If you are in the market to buy life insurance, the big question is: How much? Unfortunately, the answer is not always easy. There are many different methods of calculating how much life insurance you need -- ranging from the simple to the complex.
Asking around often contributes to the confusion. Your friendly neighborhood life insurance agent may provide you with an astonishing amount. Financial planners' answers vary, often depending on how they are compensated (fee-based or commission) or on the software they use. Popular financial publications and columns may provide you with a different figure -- sometimes out of whack with reality.
Luckily, when it comes to calculating life insurance, simpler is often better. This article describes the basic concepts you need to know in determining how much life insurance to buy and explains how to make the best use of available online help. (To determine if you need life insurance, read the article Do I Need Life Insurance? To learn about the different types of life insurance available, see Life Insurance Options.)
Most of the hundreds of life insurance calculation methods can be categorized into several broad categories. The best methods focus on what the actual needs of your survivors will be if you die.
In this method, you estimate the amount of principal needed to generate the annual income that your survivors will need once you are gone. For example, if you determine that your survivors will need $70,000 per year, you might purchase life insurance in the amount of $1,000,000 ($1,000,000 would yield an annual income stream of $70,000 a year at a 7% interest rate).
The key to this method is determining how much annual income your survivors will need. Get a pencil and paper and work through the following steps. Or, if you plan to use an online calculator (see "Getting Online Help," below), review the formula below so you understand the concepts and can choose a calculator that works for you. Here's what to do:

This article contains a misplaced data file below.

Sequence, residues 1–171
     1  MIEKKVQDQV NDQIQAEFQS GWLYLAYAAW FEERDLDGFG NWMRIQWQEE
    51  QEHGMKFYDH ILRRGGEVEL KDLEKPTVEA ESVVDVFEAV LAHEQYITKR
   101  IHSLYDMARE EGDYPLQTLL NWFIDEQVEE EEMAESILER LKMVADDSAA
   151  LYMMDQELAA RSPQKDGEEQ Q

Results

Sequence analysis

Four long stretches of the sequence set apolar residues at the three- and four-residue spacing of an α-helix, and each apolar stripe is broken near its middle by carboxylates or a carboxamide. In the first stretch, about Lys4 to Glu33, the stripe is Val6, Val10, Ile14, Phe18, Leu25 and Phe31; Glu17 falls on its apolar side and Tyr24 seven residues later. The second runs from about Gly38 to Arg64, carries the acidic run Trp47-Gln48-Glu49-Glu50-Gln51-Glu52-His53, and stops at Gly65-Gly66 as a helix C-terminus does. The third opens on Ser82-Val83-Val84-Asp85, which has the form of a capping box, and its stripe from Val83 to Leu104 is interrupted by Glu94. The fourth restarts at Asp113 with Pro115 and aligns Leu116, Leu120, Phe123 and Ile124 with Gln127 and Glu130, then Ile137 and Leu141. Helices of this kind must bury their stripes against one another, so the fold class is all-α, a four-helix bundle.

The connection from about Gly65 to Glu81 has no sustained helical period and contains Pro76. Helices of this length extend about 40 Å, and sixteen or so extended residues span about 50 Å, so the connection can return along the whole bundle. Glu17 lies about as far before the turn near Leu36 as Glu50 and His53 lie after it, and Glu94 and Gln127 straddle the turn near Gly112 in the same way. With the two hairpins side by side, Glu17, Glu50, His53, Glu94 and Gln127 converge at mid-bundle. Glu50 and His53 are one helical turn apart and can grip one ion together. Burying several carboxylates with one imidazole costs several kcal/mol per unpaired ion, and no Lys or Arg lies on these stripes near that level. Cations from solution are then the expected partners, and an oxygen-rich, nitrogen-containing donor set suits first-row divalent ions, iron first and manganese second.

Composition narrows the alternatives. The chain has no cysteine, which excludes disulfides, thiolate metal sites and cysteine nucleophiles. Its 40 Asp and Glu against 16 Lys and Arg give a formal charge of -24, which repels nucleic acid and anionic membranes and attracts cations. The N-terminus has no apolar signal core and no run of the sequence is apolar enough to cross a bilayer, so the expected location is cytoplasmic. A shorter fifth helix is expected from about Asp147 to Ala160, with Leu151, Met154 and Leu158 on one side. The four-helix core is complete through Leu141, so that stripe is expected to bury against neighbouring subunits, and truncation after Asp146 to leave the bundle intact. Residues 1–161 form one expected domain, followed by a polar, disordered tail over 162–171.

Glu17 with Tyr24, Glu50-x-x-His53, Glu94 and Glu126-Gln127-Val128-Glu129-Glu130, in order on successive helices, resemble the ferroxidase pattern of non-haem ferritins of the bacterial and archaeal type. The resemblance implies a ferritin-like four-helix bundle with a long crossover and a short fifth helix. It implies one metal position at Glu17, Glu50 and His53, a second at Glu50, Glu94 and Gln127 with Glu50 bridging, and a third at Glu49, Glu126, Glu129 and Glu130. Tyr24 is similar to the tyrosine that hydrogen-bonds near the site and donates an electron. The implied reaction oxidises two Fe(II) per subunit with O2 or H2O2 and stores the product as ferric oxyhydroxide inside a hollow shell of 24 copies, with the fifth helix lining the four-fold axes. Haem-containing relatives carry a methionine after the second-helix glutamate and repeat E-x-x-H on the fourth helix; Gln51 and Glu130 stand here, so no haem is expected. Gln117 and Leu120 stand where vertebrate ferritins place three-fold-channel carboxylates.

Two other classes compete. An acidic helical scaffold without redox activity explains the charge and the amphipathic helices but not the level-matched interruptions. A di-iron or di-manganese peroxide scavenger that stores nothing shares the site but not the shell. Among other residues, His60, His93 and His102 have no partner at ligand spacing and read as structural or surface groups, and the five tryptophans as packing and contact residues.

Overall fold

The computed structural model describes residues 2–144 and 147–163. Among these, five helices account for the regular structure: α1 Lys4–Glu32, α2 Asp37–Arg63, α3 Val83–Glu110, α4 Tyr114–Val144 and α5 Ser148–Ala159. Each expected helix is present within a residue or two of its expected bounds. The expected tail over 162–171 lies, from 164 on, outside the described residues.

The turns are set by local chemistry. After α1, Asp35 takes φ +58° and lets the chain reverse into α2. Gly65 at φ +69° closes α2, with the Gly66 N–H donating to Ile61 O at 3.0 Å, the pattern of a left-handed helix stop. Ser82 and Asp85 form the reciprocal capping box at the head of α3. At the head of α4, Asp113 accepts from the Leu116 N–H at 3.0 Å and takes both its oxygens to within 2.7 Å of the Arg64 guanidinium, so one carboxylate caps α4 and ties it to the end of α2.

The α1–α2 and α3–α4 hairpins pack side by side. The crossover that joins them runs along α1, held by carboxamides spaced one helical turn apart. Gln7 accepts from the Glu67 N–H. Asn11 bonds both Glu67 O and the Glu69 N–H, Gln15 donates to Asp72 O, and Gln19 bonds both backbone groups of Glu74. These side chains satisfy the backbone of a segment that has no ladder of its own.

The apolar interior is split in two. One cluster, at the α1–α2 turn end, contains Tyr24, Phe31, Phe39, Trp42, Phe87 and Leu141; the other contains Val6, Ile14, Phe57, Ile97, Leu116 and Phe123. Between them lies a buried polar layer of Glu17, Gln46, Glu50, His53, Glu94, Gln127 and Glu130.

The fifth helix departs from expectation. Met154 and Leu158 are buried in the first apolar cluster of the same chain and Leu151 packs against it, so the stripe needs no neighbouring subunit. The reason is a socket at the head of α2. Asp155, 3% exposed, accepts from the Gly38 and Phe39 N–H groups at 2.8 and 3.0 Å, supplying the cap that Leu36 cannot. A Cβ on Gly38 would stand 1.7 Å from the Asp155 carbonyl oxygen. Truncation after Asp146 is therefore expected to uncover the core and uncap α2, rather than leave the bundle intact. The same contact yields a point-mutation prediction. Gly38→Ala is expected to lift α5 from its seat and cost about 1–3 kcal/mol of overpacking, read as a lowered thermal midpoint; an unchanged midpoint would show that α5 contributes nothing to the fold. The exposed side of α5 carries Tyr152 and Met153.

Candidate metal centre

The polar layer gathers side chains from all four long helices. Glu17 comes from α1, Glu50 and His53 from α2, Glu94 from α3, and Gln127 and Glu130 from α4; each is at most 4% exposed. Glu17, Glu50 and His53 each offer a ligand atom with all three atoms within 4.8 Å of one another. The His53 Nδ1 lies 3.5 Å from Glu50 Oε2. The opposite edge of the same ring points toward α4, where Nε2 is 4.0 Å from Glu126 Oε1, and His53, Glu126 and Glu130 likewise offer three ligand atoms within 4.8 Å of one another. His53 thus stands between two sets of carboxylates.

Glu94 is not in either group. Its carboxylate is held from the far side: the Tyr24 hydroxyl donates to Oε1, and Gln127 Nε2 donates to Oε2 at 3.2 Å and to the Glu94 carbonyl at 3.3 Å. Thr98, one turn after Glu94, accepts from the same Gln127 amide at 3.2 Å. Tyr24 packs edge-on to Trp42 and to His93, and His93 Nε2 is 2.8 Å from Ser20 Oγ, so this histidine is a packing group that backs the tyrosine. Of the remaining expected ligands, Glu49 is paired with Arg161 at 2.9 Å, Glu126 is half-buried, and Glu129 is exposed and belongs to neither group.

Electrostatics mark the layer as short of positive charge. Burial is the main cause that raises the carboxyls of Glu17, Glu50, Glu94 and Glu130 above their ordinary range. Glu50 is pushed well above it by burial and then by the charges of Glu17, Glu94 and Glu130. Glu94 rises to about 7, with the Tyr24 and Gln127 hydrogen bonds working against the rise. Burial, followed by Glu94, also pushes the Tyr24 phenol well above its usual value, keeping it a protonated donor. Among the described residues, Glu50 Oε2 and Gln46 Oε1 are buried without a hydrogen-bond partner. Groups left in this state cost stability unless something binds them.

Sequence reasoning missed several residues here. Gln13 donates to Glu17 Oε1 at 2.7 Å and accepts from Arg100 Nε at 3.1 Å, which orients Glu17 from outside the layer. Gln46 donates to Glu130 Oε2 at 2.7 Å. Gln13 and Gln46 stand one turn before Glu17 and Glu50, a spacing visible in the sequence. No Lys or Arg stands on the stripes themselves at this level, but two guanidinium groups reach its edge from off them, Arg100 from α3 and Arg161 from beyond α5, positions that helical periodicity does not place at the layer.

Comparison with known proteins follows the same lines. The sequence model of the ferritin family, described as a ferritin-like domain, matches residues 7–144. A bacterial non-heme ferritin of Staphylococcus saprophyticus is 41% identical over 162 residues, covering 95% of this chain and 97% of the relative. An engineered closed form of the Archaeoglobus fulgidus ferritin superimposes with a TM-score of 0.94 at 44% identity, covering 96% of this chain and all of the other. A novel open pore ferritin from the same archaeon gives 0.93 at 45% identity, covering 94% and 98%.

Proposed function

Step One. Determine annual income needs. Determine the annual income your family would need if you were to die today. Consider any lifestyle changes that might happen after the death, and include current expenses, such as mortgage, rent, groceries, clothing, utility bills, entertainment, travel, transportation, and child care.
Step Two. Subtract available income from annual income needs. Subtract any other income, such as employment income, dividends, interest income, and current or estimated social security benefits that would start when the insured dies. This will result in the annual income to be replaced.
Step Three. Determine the principal needed to generate income to be replaced. Use the number you get in Step Two and use the following formula to determine how much principal is needed at a reasonable rate of return: (annual income to be replaced) ÷ (rate of return) = amount of principal needed.
For example, if your rate of return is 7% and the annual income to be replaced is $70,000, then you would need to buy $1,000,000 worth of life insurance ($70,000 ÷ .07 = $1,000,000).
Step Four. Add one-time expenses. Add up any one-time expense your survivors will have to pay, including funeral expenses (the average cost of an adult funeral is about $10,000), administrative expenses to wrap up the deceased person's estate, costs of paying off outstanding debt (mortgage or credit card debt), and college costs. Add this number to the principal (the number you get in Step Three).